The Alba Field: A Middle Eocene Deep Water Channel System in the UK North Sea
The end of the appraisal stage of the Alba field has opened the way for the first development of a middle Eocene reservoir in the North Sea.
The Alba field is located in the Witch Ground graben between the Fladen Ground spur to the north and the Renee ridge to the south, entirely in UKCS (U.K. continental shelf) Block 16/26. In 1984, oil was discovered in a sand within the middle Eocene Alba Formation at a depth of 6100 ft (1860 m) subsea. Seventeen subsequent wells, including sidetracks, have been drilled to appraise the discovery. This drilling indicates that the Alba field is a stratigraphic trap covering an area of approximately 3400 ac (1375 ha).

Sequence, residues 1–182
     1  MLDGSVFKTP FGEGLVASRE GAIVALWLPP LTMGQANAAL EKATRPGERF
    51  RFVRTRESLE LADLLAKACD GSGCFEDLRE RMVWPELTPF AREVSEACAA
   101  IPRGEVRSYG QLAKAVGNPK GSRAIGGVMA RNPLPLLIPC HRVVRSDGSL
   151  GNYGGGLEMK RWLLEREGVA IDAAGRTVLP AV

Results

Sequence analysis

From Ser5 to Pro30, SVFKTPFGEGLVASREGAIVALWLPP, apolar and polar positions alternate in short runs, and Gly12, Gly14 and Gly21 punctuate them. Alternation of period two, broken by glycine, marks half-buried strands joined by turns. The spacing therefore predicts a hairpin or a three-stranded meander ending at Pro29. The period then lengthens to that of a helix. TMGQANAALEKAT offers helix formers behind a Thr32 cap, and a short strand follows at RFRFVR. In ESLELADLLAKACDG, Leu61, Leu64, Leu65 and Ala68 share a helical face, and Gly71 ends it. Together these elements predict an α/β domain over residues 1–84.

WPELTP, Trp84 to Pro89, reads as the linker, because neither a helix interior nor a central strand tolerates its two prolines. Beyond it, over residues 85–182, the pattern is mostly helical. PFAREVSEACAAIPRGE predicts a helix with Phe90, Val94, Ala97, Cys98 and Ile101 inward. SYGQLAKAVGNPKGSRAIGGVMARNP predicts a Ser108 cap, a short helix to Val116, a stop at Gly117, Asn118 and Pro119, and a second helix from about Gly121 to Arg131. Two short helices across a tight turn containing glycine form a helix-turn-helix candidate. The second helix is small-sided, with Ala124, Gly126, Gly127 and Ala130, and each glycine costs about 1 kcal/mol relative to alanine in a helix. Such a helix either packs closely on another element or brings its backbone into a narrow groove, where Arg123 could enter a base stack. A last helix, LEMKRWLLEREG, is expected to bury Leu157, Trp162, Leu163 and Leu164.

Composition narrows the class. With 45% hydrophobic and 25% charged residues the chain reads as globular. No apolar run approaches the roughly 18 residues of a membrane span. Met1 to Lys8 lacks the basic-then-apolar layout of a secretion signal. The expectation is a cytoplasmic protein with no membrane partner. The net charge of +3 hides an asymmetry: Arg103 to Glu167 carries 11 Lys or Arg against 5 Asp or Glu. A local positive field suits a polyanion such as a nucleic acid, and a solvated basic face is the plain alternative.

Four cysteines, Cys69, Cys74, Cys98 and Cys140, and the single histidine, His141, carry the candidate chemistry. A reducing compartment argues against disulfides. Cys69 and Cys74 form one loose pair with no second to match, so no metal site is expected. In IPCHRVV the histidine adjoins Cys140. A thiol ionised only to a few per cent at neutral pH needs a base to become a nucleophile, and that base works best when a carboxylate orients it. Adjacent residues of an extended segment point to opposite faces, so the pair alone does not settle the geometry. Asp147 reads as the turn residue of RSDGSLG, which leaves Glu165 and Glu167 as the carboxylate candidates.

The sands represent a brief interruption in the hemipelagic sedimentation that dominated this part of the Witch Ground graben during the middle Eocene. Sediment was supplied intermittently from a shelf area to the northwest, into a deep-water environment. Well correlations, seismic mapping, and core analyses indicate that these sands were deposited from turbidity flows as part of a constructional channel/levee complex, within a mud-rich, shelf-sourced, submarine channel system. The cap, updip, and lateral seals of the reservoir are shale.
The reservoir is predominantly a homogeneous, very fine to fine-grained, unconsolidated sand. The average reservoir porosity is 35% and the average permeability is 2.8 darcys. Oil in place is estimated to be 1.1 billion bbl of 20° API biodegraded crude oil.